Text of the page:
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Tis the season…

Despite this being my second long-term-visit to Vietnam,  “Christmas” in Vietnam remains an intriguing construct to me. 

There's little doubt that Buddhism (most say it's a religion, some say it's a philosophy, some say it's both) and Confucianism (most say it's a philosophy, some say it's a religion, some say it's both) have a strong country-wide presence here. You can see all sorts of indicators everywhere you look - from architecture to the dashboards of Grab drivers, and you hear it in conversations, which often reference some aspect of one, the other, or both. 

small figurine of a dancing Buddah on the right and a giant lotus flower seed on the left

To my limited knowledge, Buddhists  “celebrate” the construct of “Christmas” and typically on December 8th they celebrate Bodhi Day by decorating a Bodhi tree (a type of fig tree) and some western Buddhists may decorate a pine tree. I think it is relatively safe to say that most western “Christian religions” (loosely defined) celebrate “Christmas” on December 25th and decorate some species of pine tree (e.g., spruce, ponderosa, etc.).

So, if you're going to examine “Christmas” in Vietnam, you should consider visiting one of the many available webpages that have statistics on religious practices across the country. 

One such webpage, keeping in mind that the reported numbers, which include government figures, are very controversial (as are any source referencing Vietnam religious statistics for that matter), includes an interesting chart. The chart is compiled from a number of sources, and reflects the numbers as of 2019. The chart shows that 5.9 million people “living” in Vietnam “follow” the Catholic religion and 4.6 million follow Buddhism. I am left to assume this includes only Vietnamese nationals and excludes expats, but it is not clearly stated.

To me, what’s notable about this chart is the combined number of these two groups of followers is only 1.09% of the 96,200,000 Vietnamese reported to be living in Vietnam in 2019. To me, this means that 98.9% of Vietnamese do not “follow” either religion; which returns me to my topic of “Christmas in Vietnam” 

Beginning with the first week or so of December, I began seeing western Christian Christmas decorations appearing in a variety of businesses here in Hanoi and elsewhere. Interestingly, there seem to be two types of decoration “presentations”.

One type is depicted in the two photos below. The first photo was taken in the coffee shop here in Hanoi where I'm one of the regulars who always orders the same drink (I walk in and as I approach the counter they always say “Chào bác, cà phê đen?” – which means “Hello person about the same age as my dad, black coffee?” – when in reality they should be saying “Chào ông, cà phê đen” – which is more accurate and means “Hello person about the same age as my grandfather, black coffee?” – just call me Dorian Gray…or don’t. It’s your call). 

The second photo was taken in a famous chocolate shop in Da Lat, called “The Choco” (, which is located in the central highlands of Vietnam. Their webpage is in Vietnamese but the pictures are useful. They make their own chocolate (which, by the way, is a French influence).  FYI: 100,000 VND = ~$1.00 USD; so 170,000₫ = ~$7.00 USD

What these two photos have in common is that they represent what I call the “photo op presentation”. The sole purpose of which seems to be to give your clientele the chance to sit in a chair and have their picture taken on their phone which they then upload to their social media pages (I suppose anyways, given the popularity of social media in VN). I have sat in my coffee shop and watched various customers spend 20-30 minutes posing and having their picture (or group picture) taken.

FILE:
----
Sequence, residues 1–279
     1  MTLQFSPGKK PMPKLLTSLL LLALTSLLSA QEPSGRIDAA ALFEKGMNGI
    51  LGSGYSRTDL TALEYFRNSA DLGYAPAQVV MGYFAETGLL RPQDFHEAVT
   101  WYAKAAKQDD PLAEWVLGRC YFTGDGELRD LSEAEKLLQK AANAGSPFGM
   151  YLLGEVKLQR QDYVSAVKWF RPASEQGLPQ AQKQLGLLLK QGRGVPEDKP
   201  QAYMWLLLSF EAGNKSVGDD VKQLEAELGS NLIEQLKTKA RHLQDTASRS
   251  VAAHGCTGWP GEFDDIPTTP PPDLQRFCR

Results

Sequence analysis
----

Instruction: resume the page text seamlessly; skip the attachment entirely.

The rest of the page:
The other type of Christmas presentation is what I call the “gimmick presentation”. This can be as simple as a pine Christmas wreath or as elaborate as a pine Christmas tree and pine garlands. The pine is usually fake. That said, there are huge pine forests in the central highlands of Vietnam – who knew? Pine trees in the land of jungles…

The gimmick presentation presents as a means to get folks into the store or bank, as it's often accompanied with a “Christmas sale” of “50% off for Christmas”. 

A similar related gimmick is where the decoration (wreath, pine tree and/or garland) is presented to make a western traveler feel included. For example on a recent trip to Da Lat (a one and a half hour flight south of Hanoi) there was a Christmas wreath on the vanity wall that separated us peons from the aristocrats in first class. You will also see these decorations in hotels and villas.  

picture of a fireplace with a chair in front of it. to the left of the chair is a decorated artificial Christmas pine tree. There is a small Santa Clause doll to the right of the chair that is dressed in gold. there are two hung stockins on the mantle of the fireplace just above the chair and above on the wall is a nut cracker, a picture of a house, and hanging on the wall is a large copy of sheet music sith the title We Wish You a Marry Christmas


In the center fo the picture is the name "The Choco" under a symbol wearing a Santa Hat pointing to the left. Underneath the name The Chaco is a banner saying Merry Christmas. Under that is a fireplace with stockings hung on the mantle and to the left of the fireplace is a medium sized decorated fake Chritmas tree and a larger one is to the right of the fireplace. There is a chair in front of the fireplace.




JULY, p. 9

AUGUST, p. 9


OCTOBER,  p.g 2,  p. 3, p. 4

NOVEMBER p.2, p.3, p.4, p.5, p.6, p.7